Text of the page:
Reading Lists

The last time I had time to “read for pleasure” was 2005, in the short summer months between finishing my MA and beginning the PhD. I was in Sweden and few books were available there in English, so I worked my way through Jane Austen and  a few Henry James novels (DM, WMK, WS, TB) with the occasional Woolf, Kafka, Duras (my three favorite authors who I’d brought along) for good measure.

This week I read The Handmaid’s Tale and I’m now reading The Bell Jar.  How did I get to be 30 years old without reading these books?

When I was little, I was a precocious reader. I mixed children’s classics like Bridge to Teribithia with real classics like The Grapes of Wrath. Steinbeck and O’Henry were my favorite authors until middle school. For a few years, The Great Gatsby was my favorite book. This changed when I was about 12. I mean, The Great Gatsby was my favorite book before I was 12.

In 7th grade I still had a lot of time for free reading, but in 8th grade we began to read harder stuff in class and I had less time for myself. 8th grade was the year we attempted to read The Iliad. I say “attempted” because that has got to be the worst idea ever for required reading for 13-14 year olds.  It is totally uninteresting and irrelevant even for most adults. The Odyssey, our major 9th grade reading, was better. In those two years we also read West Side Story, Exodus, The Diary of Anne Frank, To Kill a Mockingbird, Romeo and Juliet, and various other things I don’t remember. We maybe read a book every 2-3 weeks, so my free reading time was cut dramatically, and would remain so until… 2005.

In high school (I went to a junior high, 7-9, and high school, 10-12) we read classics like Madame Bovary, Candide, Julius Caesar, King Lear, Hamlet, The Sound and the Fury, The Sun Also Rises, A Tale of Two Cities, Heart of Darkness, Crime and Punishment, The Canterbury Tales, Beowulf, Grendel, The Scarlet Letter, The Crucible, The Heart is a Lonely Hunter, All the King’s Men, Our Town, Pride and Prejudice, Pygmalion, The Importance of Being Earnest, Their Eyes Were Watching God, Hard Times, Walden, etc. etc. at the rate of about one every two weeks. When I wasn’t reading these (and I admit, I can recall this particular list of books because these are the ones I actually read– Cliffs Notes and the newly online Barron’s Booknotes were lifesavers for us kids with over-packed schedules), I was reading philosophy for Lincoln-Douglas debate— Hobbes, Locke, Rousseau, Smith, Kant, Keynes, etc.  I read a lot of great stuff, but I also missed out on reading “for fun.” “Fun” reading was the philosophical stuff for debate, because it was an elective/extracurricular. (LD debate is huge and very competitive in AL, as the schools cited in the Wikipedia article– Homewood and Vestavia– are on the local circuit. My friends and I even considered transferring to Vestavia, a neighboring school district, to work with the coach there, who was the best in the country.)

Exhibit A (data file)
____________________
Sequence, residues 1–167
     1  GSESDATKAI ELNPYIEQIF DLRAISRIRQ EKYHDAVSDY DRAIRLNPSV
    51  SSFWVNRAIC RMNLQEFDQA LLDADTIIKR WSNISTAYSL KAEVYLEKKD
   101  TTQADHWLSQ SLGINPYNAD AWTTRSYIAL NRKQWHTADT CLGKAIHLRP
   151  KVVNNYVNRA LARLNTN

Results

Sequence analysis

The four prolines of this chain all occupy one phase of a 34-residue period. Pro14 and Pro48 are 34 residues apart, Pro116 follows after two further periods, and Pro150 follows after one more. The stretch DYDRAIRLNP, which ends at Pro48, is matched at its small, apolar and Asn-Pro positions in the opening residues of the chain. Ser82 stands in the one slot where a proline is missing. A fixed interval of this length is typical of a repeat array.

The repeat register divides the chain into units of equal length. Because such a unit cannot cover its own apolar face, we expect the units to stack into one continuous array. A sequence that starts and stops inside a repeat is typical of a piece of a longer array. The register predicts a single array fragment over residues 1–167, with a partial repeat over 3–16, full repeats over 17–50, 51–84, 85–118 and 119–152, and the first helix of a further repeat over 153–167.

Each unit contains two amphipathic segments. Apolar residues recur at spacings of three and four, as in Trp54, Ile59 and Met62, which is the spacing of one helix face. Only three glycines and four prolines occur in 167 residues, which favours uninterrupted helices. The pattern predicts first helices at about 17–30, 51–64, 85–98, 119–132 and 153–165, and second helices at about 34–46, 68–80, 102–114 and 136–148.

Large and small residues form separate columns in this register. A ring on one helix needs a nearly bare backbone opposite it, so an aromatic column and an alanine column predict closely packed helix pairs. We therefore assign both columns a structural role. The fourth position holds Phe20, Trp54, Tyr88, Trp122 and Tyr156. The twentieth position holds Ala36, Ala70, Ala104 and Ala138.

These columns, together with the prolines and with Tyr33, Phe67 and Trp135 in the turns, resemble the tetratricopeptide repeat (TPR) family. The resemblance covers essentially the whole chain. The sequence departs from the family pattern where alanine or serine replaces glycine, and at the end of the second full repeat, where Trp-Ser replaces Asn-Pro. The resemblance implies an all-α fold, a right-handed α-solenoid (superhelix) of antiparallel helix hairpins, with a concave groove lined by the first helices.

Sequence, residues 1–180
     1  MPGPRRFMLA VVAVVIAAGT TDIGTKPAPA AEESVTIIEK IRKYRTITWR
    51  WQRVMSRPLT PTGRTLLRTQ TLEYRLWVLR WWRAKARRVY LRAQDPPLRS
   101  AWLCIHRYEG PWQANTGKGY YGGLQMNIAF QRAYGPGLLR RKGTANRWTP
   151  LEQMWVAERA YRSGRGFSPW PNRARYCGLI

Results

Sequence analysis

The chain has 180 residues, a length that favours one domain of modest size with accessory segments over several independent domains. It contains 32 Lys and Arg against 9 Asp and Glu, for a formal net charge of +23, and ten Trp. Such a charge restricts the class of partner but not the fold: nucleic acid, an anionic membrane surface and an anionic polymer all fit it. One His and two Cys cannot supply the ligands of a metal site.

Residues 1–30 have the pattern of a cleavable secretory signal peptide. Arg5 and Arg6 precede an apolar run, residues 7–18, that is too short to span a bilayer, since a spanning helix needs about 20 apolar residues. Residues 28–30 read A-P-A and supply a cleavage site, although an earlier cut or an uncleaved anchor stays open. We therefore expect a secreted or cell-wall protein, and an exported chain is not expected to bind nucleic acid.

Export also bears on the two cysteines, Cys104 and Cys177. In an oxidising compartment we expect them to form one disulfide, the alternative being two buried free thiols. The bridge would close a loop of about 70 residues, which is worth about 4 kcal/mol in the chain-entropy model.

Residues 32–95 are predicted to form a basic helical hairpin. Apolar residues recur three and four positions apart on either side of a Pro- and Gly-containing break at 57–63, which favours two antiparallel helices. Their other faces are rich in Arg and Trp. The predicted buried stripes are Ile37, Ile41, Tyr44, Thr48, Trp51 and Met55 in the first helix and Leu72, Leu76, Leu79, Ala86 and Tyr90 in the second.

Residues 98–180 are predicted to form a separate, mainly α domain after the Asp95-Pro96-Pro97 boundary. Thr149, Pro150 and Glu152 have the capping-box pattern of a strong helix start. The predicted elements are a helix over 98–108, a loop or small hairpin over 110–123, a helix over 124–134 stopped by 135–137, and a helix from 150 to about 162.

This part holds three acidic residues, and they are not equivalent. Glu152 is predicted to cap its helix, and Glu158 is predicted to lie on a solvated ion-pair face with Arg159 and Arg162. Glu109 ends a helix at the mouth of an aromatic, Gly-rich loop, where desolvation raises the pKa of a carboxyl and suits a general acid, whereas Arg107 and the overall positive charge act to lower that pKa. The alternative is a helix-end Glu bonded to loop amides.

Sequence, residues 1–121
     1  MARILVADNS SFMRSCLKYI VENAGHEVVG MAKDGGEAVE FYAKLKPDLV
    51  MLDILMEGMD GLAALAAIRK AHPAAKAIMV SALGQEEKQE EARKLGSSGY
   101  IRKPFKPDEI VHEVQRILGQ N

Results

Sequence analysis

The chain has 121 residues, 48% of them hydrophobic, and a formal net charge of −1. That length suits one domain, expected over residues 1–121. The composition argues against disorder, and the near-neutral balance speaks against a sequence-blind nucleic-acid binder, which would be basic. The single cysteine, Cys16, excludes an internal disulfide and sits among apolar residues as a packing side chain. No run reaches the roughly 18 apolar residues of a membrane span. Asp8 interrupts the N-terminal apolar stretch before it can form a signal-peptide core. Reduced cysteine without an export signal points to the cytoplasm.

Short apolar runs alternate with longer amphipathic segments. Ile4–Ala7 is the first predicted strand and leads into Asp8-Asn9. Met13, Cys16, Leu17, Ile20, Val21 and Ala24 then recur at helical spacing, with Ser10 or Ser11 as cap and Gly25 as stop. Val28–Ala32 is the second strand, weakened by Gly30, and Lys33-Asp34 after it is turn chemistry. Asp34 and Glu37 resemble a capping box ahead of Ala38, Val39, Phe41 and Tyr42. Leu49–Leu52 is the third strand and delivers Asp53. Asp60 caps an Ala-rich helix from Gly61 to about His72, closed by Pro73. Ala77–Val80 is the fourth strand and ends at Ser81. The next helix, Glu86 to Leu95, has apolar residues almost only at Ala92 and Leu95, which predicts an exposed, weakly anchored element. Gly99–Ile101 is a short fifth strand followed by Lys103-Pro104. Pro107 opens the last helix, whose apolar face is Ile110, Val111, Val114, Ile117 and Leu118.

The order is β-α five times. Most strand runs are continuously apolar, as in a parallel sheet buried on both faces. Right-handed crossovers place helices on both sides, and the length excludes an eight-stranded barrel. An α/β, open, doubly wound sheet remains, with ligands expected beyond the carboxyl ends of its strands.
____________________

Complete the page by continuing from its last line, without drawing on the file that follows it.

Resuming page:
In college, as an English and Comparative Literature double-major, I of course had a lot more assigned reading, especially since I started taking graduate-level classes in the second term of my sophomore year.  At this juncture, my “fun” reading was all the stuff the grad students or Charles talked about that I hadn’t read yet.  Buffalo has its own “canon” (so does UVA… probably all schools have their own canons) of literature that people will stand agape and aghast if you haven’t read. At Buffalo, if you haven’t read Christian Bök and Louis Zukofsky, you must be an idiot. Whereas at UVA, they’ve never heard of those people (or, if they have, they consider them so minor as to be unworthy of reading). So “fun” reading, or extracurricular reading, was catch-up reading, attempting to catch up with the Poetics grad students while fulfilling all my undergraduate reading assignments. Again, I read a lot of great stuff, but all the stuff that was not of immediate relevance or advised to me with a certain degree of chastisement or condescension was pushed aside.  By my senior year I was taking more Comparative Literature classes than English ones, and Comp Lit at Buffalo is largely a philosophy program (and not one in the Locke-Hobbes tradition– the Philosophy department pursues that trajectory). So this was a whole other canon to catch up with: Deleuze, Derrida, Bergson, more Kant, etc.